An introvert’s holiday party survival guide

The holidays are hard on us introverts. There are just so many things to do, and unfortunately most of them involve other people. Now, I know holiday stress impacts extroverts too; there’s plenty of it to go around. There’s the pressure to find the perfect gift, cook the perfect meal, or choreograph the perfect Christmas morning for your kids. Honestly, though, none of this stresses me out. I gave up perfection around the time Katie Holmes gave up Tom Cruise, and like her, my life is much better for it. No, for me the thing that stands out as the most stressful part of the holidays is the parties. From office shindigs to family gatherings, to kids’ events where you stand around awkwardly eating Goldfish and drinking juice with other parents while making non-committal noises as they talk about their son’s acting future based on his performance as Manger Sheep #3; I get panicky at the thought of all that small talk.

It’s the age-old introvert’s dilemma of wanting to be invited lots of places, but not actually wanting to go. If you can relate to this, then here are some tactics you might find helpful for surviving holiday party season:

  1. Cancel your plans. I’ll come out and say it: no one really cares if you show up to their holiday party. People are way too focused on whether they have the right playlist, decorations, and food to booze ratio to facilitate enough merriment to be memorable but not so much as to necessitate steam cleaning the carpet the next day. Kids are a great excuse for canceling plans. “So sorry we can’t make it but the sitter canceled last minute. We could still come and bring Little Tommy, he just has this rash that we’re 75% sure is not contagious…”

  2. Even better, pretend you were there. (Caution: this only works with big parties.) Send the following text to the host the next morning: Omg, KILLER party! We kept trying to come over to say hi but couldn’t get past the chocolate foundation/string quartet/go-go dancers dressed as elves. [Insert your best guess here.]  

  3. Prioritize. Here you’ll want to develop your own criteria. Suggestions include: Which parties are closest to home? Have the best food? The best gift bags? Don’t involve donating any money to worthy causes? Include people you actually want to hang out with on the guest list? RSVP yes selectively and then decline the rest (or employ #1 or #2).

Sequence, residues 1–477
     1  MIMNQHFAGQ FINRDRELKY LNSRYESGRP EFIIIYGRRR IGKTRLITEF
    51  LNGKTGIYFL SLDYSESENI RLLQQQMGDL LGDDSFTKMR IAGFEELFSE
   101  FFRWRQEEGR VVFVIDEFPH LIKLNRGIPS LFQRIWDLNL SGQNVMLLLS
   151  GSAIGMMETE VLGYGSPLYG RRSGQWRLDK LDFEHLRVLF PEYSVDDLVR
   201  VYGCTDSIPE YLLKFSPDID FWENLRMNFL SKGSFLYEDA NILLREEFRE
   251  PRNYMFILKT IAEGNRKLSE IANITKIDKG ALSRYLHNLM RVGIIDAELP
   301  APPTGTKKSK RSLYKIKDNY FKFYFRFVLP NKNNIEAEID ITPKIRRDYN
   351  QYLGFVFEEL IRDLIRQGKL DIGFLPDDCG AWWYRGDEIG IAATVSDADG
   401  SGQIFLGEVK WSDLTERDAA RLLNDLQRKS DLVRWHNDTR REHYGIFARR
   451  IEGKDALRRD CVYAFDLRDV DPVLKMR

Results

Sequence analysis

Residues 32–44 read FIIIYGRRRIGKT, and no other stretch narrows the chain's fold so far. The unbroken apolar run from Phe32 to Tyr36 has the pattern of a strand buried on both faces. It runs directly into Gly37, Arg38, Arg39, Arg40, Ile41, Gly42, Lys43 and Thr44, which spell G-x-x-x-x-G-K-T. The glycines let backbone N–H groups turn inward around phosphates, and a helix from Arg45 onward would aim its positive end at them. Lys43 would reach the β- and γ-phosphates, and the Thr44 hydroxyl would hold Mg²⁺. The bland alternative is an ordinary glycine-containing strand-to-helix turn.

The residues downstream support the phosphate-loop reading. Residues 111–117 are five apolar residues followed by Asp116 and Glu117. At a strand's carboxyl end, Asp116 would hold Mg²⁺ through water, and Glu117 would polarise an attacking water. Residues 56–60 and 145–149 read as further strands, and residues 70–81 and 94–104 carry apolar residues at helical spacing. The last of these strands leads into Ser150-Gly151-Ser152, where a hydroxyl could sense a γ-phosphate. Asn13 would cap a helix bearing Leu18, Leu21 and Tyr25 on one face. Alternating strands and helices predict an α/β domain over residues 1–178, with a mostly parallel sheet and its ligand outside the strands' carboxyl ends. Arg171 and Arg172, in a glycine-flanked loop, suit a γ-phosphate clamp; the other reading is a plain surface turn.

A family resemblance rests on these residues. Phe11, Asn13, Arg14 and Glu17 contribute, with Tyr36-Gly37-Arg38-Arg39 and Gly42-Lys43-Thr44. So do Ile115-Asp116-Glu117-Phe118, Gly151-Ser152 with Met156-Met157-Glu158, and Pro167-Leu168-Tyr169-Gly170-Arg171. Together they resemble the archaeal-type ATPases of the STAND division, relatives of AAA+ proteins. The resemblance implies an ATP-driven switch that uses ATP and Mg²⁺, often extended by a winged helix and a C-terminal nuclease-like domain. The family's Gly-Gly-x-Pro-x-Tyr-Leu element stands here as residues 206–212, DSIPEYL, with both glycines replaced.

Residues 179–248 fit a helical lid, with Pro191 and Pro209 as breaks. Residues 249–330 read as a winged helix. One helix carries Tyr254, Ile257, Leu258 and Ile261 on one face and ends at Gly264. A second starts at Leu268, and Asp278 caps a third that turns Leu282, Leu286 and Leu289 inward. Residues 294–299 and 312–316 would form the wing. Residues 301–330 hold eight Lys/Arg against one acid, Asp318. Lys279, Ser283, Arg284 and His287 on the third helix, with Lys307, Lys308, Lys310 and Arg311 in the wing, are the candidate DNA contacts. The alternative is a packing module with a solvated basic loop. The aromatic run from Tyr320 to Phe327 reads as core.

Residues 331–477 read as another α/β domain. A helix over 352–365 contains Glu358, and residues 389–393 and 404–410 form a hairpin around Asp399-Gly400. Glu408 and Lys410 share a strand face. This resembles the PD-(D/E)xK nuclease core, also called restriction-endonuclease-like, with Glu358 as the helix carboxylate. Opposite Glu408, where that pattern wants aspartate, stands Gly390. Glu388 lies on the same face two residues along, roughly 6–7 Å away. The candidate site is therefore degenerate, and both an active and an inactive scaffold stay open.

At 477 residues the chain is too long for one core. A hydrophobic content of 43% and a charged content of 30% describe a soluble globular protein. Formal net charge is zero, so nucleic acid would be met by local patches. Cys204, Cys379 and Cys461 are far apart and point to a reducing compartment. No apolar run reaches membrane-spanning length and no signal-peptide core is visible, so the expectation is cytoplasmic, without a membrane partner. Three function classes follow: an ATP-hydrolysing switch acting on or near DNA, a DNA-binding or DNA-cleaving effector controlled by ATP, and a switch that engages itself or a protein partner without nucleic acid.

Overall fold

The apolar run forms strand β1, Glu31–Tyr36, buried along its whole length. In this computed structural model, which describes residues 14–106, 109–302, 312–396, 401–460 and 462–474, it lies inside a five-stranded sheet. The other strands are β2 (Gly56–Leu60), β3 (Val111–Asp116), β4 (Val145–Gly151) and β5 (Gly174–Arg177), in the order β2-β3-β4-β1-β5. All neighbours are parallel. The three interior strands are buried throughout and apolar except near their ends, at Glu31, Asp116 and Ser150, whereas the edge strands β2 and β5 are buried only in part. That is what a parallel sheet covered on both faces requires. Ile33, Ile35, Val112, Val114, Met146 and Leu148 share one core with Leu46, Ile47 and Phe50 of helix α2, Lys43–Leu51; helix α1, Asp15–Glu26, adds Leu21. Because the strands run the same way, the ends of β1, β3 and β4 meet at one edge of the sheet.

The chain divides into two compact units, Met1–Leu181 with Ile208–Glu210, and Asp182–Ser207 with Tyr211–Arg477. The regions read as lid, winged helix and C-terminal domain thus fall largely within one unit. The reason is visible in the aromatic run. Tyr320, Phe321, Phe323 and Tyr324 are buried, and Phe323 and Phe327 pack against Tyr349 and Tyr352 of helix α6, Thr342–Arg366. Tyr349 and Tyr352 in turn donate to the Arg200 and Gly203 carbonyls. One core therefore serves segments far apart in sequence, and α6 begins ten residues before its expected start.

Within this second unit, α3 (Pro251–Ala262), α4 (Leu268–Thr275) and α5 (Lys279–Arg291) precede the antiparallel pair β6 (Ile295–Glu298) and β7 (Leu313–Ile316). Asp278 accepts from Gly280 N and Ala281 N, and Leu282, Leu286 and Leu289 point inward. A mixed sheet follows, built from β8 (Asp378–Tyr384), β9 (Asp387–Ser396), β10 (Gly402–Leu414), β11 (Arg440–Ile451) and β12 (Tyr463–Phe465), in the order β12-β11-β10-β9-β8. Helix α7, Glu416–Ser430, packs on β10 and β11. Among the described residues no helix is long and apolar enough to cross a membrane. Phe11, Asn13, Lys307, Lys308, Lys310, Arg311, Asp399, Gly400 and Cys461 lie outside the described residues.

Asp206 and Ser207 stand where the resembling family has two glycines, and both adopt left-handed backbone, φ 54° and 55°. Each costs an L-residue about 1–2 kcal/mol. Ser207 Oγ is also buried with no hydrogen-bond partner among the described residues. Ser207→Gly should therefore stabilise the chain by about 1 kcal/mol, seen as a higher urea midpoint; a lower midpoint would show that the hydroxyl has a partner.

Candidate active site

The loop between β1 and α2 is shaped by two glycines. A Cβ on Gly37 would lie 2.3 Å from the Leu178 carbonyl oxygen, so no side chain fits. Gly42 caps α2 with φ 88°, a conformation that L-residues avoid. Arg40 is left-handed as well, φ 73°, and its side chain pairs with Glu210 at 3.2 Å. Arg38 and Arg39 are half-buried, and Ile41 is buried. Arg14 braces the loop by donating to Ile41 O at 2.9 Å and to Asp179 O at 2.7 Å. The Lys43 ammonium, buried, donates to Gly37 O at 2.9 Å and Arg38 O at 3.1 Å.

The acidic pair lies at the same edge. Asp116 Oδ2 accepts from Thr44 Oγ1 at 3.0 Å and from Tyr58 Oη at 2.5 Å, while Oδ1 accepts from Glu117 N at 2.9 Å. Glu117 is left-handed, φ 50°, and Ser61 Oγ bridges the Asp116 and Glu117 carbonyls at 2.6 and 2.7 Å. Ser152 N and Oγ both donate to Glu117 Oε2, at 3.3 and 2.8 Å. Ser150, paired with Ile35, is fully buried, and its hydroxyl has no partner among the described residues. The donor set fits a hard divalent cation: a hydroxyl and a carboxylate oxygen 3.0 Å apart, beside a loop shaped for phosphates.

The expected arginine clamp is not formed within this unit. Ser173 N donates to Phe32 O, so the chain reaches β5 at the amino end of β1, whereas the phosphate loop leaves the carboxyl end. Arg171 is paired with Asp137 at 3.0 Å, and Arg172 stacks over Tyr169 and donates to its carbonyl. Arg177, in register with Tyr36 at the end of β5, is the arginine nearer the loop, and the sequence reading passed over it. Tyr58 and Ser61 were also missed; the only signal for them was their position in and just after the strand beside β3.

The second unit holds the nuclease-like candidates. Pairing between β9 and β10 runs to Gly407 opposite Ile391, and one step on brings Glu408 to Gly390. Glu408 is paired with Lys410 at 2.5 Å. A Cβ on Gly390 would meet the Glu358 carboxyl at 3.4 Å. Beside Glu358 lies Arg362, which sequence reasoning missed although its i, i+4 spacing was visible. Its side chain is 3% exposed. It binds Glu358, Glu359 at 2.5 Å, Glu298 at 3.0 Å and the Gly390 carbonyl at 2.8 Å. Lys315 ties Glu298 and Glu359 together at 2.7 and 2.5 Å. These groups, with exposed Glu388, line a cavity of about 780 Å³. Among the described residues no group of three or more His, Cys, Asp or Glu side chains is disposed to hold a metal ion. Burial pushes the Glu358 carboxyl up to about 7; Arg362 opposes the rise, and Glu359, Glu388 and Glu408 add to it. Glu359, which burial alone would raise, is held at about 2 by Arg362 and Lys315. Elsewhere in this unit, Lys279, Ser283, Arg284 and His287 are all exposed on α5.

4. Go to the grocery store. This is specific to family gatherings. (Hi family! Thanks for reading! Know that I love you, I just sometimes need a break.) My husband and I have been known to fight over who is going to run to the store to pick up a missing ingredient. Advanced version: you don’t even need a missing ingredient—make one up!

    “Oh look, we’re out of milk!”

    “There should be another carton right there behind the—”

    “Nope, don’t see it, bye!”

    Then walk very slowly up and down each aisle while streaming an episode of House of Cards. Just don’t forget to buy something; coming home empty handed generates a lot of questions you don’t want to answer.

  5. Do something to ensure you’ll never be invited back. (Note: This won’t help you this year, but if you put in the work, I guarantee you’ll be a social pariah by next year. Also, it’s probably best not to use this one for office parties unless you’re already planning to resign in disgrace.) Pretend to get drunk and get in a fist fight with a friend. Even better, do it for real. Start a rumor that Justin Timberlake and Britney Spears are getting back together. Wear a Make America Great Again t-shirt. Commandeer the music and play Adele’s “Someone Like You” on repeat while crying softly. You see where I’m going here—this is your opportunity to get creative!

  6. Throw your own damn party. Invite the five people you like and encourage them to wear their pajamas. Serve only food and drinks you already have on hand so you don’t have to go to the store. (In my case this would be yogurt squeezies, Cheezits, and tequila.) Laugh, cry, have real conversations, then send everyone home by 9pm. Your true friends will call you the next day and tell you this was the best holiday party they’ve ever been to.

Please don’t misunderstand, I do love the holidays. Now that I’m raising a little person, they have become even more magical. It’s easy, though, to get caught up in the less enchanting parts and to treat the season like one giant to-do list that leaves us too tired to enjoy the best moments. And while I have been to some amazing parties, my favorite holiday memories are not of crowds or signature cocktails. Those quiet moments, though, only happen when we create the space for them to take place. So give yourself a break this year, introverts. Stay home if you want to, pour yourself a glass of eggnog and make some holiday memories from the couch.

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